Go the next step: replace that digital processor in the robot with a human brain, your classic science fiction "brain in the vat." It has consciousness; even a sense of self, though that sense includes robotic arms and legs, digital cameras and fractional horsepower electric motors. Is this creature "alive"? Is it human? What rights does it have?

      Now, the ultimate step: what if one of our very large digital networks -- say, the Internet -- develops sufficient speed and complexity to begin exhibiting meta-behavior? Does it deserve the same protection we afford even the most primitive organisms?

      Go the other way: Let's say for the purpose of harvesting human organs we decide to grow complete human beings, except to simplify matters we make sure that they lack a cerebral cortex so that they are never conscious of themselves or their predicament. However, like any animal, they can feel pain. Are they human beings? Do they have rights?

      Now, take the Terri Schiavo case. Imagine that, using stem cells, we discover a way to regenerate brain cells in injured people. What if we are only able to generate enough neurons to make the patients functional, but with capacities little more than a dog or cat. Are these people human? What if instead we are able to generate enough cortex to return the person to a dim consciousness, like that of a profoundly retarded person. Should we undertake that therapy? Finally, what if we are able to fully restore the patient's brain, but so much information has been lost in the original injury that we end up creating the equivalent of a 40-year-old newborn with a fundamentally new identity? Would we consider that a success?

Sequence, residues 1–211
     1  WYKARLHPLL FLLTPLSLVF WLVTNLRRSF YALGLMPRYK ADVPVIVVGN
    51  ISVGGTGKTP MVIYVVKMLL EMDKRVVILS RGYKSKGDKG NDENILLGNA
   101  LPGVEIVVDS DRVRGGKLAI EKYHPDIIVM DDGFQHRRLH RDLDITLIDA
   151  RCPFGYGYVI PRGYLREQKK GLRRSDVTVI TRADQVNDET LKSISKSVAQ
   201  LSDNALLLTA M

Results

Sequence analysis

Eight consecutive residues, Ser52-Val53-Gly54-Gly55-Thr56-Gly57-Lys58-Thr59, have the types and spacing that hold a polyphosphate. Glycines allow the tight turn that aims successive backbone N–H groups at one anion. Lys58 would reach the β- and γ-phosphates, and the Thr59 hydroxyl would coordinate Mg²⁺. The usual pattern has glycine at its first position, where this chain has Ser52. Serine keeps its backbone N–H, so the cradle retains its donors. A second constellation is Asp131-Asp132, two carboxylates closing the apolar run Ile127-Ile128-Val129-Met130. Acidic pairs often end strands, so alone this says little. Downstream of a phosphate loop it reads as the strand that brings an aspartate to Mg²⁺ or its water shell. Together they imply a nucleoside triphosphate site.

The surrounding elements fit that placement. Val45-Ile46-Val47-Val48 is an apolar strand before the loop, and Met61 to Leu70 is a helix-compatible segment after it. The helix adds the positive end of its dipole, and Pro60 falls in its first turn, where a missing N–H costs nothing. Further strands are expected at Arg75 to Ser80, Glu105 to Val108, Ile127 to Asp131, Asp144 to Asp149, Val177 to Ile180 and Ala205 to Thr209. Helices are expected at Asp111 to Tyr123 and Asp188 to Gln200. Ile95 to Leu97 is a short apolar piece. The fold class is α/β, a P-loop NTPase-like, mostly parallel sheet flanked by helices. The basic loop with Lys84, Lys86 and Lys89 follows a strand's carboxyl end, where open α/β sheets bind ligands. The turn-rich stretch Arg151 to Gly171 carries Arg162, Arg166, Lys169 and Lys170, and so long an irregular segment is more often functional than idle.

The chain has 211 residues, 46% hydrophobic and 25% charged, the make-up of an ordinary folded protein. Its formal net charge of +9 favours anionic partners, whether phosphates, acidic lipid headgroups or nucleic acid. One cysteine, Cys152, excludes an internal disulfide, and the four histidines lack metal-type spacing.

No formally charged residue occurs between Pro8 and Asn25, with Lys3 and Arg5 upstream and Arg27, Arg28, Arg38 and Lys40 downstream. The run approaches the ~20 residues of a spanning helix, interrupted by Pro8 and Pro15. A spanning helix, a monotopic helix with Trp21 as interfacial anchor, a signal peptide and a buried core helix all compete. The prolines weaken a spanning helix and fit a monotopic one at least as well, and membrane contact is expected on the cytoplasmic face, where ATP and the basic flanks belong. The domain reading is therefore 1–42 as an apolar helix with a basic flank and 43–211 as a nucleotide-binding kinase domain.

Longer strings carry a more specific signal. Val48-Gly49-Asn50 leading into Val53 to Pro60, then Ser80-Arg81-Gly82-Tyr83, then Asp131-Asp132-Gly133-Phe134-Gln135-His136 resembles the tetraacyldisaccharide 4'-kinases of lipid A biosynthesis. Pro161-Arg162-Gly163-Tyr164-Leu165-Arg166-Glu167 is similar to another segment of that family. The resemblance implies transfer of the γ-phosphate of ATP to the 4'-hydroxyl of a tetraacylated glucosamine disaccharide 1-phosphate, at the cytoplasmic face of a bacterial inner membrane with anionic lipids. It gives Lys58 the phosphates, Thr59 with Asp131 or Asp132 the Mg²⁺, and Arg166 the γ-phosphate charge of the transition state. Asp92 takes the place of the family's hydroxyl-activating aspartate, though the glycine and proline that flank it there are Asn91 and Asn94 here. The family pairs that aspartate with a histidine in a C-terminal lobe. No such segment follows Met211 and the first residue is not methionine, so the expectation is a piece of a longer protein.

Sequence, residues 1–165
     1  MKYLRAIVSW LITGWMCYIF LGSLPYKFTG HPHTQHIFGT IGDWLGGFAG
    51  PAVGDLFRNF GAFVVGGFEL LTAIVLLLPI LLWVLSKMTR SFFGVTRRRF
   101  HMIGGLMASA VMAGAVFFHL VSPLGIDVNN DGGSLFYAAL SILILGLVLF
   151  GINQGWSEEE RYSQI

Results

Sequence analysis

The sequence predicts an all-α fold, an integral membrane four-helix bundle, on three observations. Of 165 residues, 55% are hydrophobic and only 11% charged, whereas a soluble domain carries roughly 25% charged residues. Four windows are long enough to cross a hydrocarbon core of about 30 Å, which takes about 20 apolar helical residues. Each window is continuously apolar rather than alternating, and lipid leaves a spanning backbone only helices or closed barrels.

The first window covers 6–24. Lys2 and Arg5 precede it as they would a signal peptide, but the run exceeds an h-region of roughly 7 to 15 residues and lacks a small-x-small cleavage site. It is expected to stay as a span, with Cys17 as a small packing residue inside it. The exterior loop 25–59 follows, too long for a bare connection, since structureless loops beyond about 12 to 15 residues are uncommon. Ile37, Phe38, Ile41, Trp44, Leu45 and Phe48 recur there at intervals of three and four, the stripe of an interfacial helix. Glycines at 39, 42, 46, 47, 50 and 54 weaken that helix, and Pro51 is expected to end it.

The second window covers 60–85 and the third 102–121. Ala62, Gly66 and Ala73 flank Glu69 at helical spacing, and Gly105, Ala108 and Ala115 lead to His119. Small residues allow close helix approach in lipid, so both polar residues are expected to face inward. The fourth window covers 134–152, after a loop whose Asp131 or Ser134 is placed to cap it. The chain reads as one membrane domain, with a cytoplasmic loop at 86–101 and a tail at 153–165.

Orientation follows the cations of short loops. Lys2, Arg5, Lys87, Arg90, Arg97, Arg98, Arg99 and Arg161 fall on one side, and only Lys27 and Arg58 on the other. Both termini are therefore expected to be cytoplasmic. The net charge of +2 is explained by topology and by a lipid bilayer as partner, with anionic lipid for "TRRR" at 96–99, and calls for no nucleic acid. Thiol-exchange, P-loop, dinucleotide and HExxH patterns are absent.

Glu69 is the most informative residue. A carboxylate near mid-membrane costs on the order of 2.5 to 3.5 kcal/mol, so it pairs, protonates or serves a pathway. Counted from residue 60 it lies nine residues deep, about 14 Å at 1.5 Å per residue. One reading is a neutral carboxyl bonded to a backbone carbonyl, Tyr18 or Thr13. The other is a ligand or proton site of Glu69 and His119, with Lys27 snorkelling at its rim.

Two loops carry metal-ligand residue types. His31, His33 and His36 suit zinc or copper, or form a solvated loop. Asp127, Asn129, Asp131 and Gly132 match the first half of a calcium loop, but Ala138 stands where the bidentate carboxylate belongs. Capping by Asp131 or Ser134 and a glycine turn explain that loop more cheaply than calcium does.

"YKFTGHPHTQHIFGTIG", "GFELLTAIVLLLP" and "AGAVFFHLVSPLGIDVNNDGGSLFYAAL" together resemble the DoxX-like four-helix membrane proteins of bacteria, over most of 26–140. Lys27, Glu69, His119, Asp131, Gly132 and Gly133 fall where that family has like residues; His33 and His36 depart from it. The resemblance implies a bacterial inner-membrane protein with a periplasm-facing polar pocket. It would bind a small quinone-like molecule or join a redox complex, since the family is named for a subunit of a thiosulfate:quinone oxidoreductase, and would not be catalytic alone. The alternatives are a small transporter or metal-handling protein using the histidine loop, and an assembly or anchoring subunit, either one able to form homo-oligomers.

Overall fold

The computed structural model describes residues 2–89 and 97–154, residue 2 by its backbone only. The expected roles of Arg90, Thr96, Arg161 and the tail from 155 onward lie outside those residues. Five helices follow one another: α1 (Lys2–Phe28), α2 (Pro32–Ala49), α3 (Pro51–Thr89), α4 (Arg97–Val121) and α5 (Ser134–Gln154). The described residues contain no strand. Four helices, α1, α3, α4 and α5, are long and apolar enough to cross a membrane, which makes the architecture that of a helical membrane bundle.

Finally, and this is just an extension of the tragic story that has recently unfolded before our eyes, what if we develop the tools and the techniques to keep even the most vegetative or comatose person alive to their full natural lifespan -- perhaps even longer, given the low-fat, low-stress environment in which they might operate -- so that they outlive their parents, their mates, even their siblings? Who, if anyone, will then have the right to pull out their feeding tube? The government? No one?

There May Not Be Absolute Answers

I don't know about you, but I don't have a clue how to answer any of these questions. I'm not even sure how to formulate the problems. And I think that's one of the reasons why the Terri Schiavo case has had so much resonance. Each of us seems to draw the line differently as to where to divide living and not living, life and death, human and non-human. And it is more than disquieting to see those differences so nakedly exposed by this case.

My own heart is drawn toward those, like Pope John Paul II, President Bush and Peggy Noonan, who argue that for the sake of our own humanity we should err on the side of preserving the sanctity of life; that the alternative -- legalistic, pragmatic and utilitarian -- coldly culling out the sick, the feeble and the old, is too empty-souled, too ruthless, and too ungodly.

And yet, my mind can't help thinking about that last scenario, the one the life advocates never seem to talk about: the Land of the Living Dead. What if those endless twilight years are not rewarding, not even edifying, but a kind of Hell itself?

For that reason, I think, we have unconsciously chosen this case to force ourselves to ask those questions now, because, given the pace of technological change, we will very soon need to come up with some serious answers.

As for poor Terri Schiavo, she may not, as some of the protesters claim, have died for our sins, but she certainly died for our fears.

This work is the opinion of the columnist and in no way reflects the opinion of ABC News.

Michael S. Malone, once called “the Boswell of Silicon Valley,” most recently was editor at large of Forbes ASAP magazine. He has covered the Silicon Valley and high-tech for more than 20 years, beginning with the San Jose Mercury-News as the nation's first daily high-tech reporter. His articles and editorials have appeared in such publications as The Wall Street Journal, The Economist and Fortune, and for two years he was a columnist for The New York Times. He has hosted two national PBS shows: "Malone," a half-hour interview program that ran for nine years, and in 2001, a 16-part interview series called "Betting It All: The Entrepreneurs." Malone is best known as the author of a dozen books. His latest book, a collection of his best newspaper and magazine writings, is called "The Valley of Heart's Delight."